Willigis, Archbishop of Mayence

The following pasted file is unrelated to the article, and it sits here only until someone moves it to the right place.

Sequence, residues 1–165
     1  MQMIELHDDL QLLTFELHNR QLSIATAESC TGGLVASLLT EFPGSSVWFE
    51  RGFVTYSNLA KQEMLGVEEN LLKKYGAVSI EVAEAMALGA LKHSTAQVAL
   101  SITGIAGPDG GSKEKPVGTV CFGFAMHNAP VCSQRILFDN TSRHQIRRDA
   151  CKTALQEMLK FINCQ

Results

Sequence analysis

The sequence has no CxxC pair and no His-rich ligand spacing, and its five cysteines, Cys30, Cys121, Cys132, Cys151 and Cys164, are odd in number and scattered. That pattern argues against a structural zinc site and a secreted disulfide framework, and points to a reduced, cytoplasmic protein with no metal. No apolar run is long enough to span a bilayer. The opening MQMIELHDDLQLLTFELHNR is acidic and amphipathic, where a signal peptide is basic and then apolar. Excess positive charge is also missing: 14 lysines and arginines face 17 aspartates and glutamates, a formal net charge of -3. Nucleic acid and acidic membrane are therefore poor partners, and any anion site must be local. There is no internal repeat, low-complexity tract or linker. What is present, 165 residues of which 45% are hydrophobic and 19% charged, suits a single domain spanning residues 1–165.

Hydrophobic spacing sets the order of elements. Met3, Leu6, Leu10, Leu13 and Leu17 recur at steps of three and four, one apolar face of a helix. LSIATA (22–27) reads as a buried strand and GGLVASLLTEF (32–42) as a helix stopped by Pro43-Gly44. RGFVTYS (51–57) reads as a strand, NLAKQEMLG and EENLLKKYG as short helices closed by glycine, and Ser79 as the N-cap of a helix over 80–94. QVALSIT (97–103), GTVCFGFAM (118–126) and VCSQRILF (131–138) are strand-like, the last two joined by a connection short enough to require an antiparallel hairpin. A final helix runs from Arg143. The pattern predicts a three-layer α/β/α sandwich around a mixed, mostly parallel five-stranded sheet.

Willigis, archbishop of Mayence was a statesman and primate of the German Church in the period of the Saxon emperors. His origin is unknown and was probably obscure. His birthplace was, it may be assumed, the town of Schoningen, in Saxony. He was a canon at Hildesheim, when Volcold, tutor of the young Otto II, whose friendship he had been fortunate enough to gain, recommended him to notice, with the result that he was transferred, about A.D. 970, to the imperial chapel and received into the number of imperial councillors. On January 13, 975, he became archbishop of Mayence and archchancellor and metropolitan of Germany, by the appointment of emperor Otto II and the confirmation of the pope, Benedict VII. The papal bull provided that he should have pre-eminence over all prelates in Germany and Gaul in ecclesiastical matters, and particularly on the occasion of royal coronations and in respect to the holding of synods at places to be chosen by himself.